Today, in practice refinancing rates all over the world are established at uniquely low levels: 0.25% in the USA economy, 0% in Japan, and the European central bank has lowered the rate up to 0.5%. The world faces a rather serious problem of deflation: therefore, central banks alleviate monetary-credit policy, attempting to reduce the impact of deflation. Injection of money into the economy is happening.
 
What is happening in Armenia? Due to the tough combat against inflation and the monetary-credit policy, our refinancing rate and the money base reserve is very large, and accordingly, today the CBA has more freedom to implement policy more appropriate at a given point of time, than other countries. At the time when central banks in many countries often were viewed as a tool to boost economic growth, in Armenia the principal goal of the CBA was inflation. Accordingly, nowadays, the opportunities of the CBA to soften the monetary-credit policy are significant, too.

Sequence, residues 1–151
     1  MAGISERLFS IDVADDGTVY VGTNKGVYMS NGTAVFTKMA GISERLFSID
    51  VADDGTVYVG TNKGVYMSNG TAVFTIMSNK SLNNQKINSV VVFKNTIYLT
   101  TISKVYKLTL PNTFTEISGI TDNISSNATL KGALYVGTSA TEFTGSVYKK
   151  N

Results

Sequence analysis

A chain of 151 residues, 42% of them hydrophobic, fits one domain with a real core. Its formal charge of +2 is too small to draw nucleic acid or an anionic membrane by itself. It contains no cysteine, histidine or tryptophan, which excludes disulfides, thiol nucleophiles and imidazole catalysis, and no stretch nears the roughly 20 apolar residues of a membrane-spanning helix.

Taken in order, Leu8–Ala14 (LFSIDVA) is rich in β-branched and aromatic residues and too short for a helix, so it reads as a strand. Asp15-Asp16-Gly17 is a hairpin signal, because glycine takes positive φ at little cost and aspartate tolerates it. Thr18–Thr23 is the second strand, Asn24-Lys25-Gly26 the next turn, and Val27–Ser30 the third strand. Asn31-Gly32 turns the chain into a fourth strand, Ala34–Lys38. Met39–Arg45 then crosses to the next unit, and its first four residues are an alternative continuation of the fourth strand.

The CBA may decrease the refinancing rate during the upcoming year and then, remaining on comparatively high level and therefore more attractive for attraction of external capital than other countries, gradually reach to a zero level observed in most developed countries. And this is happening now. The process of reducing the rate started in December. Today it is obvious and the CBA has announced about softening the monetary-credit policy and shifting the focus from combating inflation to deflation combating. The next issue is the stability of our national currency, which is also ensured by large reserves of our monetary-credit policy accumulated in the preceding period. I do not think that the national currency may devaluate to a very high and critical point. Nonetheless, we soon will witness devaluation of the national currency, but it will be rather smooth and there will not be extreme drastic falls. Even if conditioned by speculative phenomena, the correction will be very quick.